Carol Gilligan and Lyn Mikel Brown, in their classic Meeting at the Crossroads, eloquently described the way in which girls go from being distinct personalities at ten to amorphous, uncertain creatures at thirteen.  An analogous process, I am convinced, takes place in relation to girls' loss of the "voice" of their own desire.  The culture that surrounds girls signals to them that they must, sexually, forget themselves.  They must become passive in relation to the energy of desire, or detached from owning it, even in the face of its increasingly active pressure.  



This situation--the mystification that intervenes between girlhood and womanhood--reminds me of a scene in Lewis Carroll's Through the Looking Glass.  Alice finds herself wandering in a beautiful, dark forest.  She is joined by a young deer, which accompanies her in perfect amiability.  The two share the journey with a sense of deep familiarity.  But when they emerge from the wood, the fawn recognizes its companion for what she is:  "I'm a Fawn ... And, dear me! You're a human child!"  The creature bounds away in alarm, leaving young Alice alone.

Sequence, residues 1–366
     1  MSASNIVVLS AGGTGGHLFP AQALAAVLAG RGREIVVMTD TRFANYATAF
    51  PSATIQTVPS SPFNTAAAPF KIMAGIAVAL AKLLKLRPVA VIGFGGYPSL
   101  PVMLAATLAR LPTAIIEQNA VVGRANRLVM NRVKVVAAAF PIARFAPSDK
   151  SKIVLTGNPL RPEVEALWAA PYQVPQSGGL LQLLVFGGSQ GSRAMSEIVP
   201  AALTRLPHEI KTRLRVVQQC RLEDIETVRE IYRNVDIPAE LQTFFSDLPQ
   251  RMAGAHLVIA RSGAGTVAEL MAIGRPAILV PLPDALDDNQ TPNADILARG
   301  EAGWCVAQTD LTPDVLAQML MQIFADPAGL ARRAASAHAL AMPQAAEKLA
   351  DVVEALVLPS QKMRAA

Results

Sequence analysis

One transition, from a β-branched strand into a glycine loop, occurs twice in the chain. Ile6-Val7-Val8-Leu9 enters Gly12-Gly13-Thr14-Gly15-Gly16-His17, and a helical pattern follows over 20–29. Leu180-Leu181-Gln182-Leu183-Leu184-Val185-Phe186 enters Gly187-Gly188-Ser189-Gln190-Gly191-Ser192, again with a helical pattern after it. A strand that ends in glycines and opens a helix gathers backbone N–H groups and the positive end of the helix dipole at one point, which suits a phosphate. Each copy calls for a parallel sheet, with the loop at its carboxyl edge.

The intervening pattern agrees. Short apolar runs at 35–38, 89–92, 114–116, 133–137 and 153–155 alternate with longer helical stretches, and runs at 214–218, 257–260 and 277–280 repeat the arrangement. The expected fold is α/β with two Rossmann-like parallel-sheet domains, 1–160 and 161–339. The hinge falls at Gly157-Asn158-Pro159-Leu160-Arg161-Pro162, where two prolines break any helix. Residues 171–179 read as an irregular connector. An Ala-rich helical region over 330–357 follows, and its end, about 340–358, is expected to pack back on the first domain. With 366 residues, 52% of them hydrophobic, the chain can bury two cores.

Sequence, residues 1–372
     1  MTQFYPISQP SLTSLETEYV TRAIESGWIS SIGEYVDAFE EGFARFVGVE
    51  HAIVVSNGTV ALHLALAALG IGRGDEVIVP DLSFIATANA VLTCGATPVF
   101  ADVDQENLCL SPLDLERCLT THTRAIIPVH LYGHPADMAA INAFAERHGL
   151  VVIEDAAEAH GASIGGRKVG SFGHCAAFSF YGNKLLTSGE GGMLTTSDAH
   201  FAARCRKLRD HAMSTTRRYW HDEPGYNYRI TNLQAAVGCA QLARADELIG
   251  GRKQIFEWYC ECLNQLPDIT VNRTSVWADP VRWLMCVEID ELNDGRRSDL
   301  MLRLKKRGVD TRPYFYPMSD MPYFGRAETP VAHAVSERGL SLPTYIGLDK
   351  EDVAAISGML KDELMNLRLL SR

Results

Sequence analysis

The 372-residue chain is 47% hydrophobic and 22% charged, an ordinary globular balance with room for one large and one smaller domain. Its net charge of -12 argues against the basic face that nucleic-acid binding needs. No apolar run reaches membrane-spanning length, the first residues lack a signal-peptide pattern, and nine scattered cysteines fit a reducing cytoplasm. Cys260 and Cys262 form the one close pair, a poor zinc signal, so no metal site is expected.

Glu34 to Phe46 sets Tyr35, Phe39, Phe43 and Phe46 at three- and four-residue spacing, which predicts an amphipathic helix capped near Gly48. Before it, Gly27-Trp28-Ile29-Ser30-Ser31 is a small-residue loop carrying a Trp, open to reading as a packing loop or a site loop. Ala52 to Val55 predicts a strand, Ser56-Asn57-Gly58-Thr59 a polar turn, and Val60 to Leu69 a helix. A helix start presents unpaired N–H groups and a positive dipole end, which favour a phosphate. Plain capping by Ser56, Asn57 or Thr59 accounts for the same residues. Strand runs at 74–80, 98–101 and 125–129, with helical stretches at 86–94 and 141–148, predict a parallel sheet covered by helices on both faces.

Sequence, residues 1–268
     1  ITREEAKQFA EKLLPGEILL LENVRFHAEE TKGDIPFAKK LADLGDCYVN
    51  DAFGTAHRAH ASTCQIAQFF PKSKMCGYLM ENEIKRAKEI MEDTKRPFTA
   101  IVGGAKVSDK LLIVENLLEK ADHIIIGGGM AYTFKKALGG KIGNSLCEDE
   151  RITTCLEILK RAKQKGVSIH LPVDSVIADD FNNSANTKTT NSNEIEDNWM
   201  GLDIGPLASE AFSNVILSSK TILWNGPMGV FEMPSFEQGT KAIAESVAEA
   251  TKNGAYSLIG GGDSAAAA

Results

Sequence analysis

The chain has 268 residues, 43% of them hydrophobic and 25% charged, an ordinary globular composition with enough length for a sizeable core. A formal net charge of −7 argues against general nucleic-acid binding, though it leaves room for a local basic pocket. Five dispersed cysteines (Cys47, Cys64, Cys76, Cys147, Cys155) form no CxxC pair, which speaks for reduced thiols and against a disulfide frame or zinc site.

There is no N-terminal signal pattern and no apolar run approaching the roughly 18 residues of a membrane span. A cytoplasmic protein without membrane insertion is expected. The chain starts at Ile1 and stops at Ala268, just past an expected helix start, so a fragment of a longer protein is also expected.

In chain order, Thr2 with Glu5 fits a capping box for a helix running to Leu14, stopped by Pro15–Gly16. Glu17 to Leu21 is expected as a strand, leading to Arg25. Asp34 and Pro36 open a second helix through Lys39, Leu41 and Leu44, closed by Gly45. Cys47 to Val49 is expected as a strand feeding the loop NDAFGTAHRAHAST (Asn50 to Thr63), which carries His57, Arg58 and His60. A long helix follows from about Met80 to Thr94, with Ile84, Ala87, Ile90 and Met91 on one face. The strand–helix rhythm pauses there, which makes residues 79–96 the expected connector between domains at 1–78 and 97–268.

Something like this happens to us at the threshold of adolescence.  "What are you?" the girl asks of her own desire--once her companion, now wary of the light.  And: "What am I?"



The girl must now pass into the unforgiving glare of social reality in which human and beast--consciousness and appetite--confront each other in a state of estrangement before the relearning begins.  The girl's consciousness and the animal aspect of her nature must assume names that insist they are separate beings ("And, dear me! you're a human child!")--rather than names that allow them to remain parts of each other.  The girl, denatured, becomes a mystery to herself.


Excerpted from Promiscuities: The Secret Struggle for Womanhood by Naomi Wolf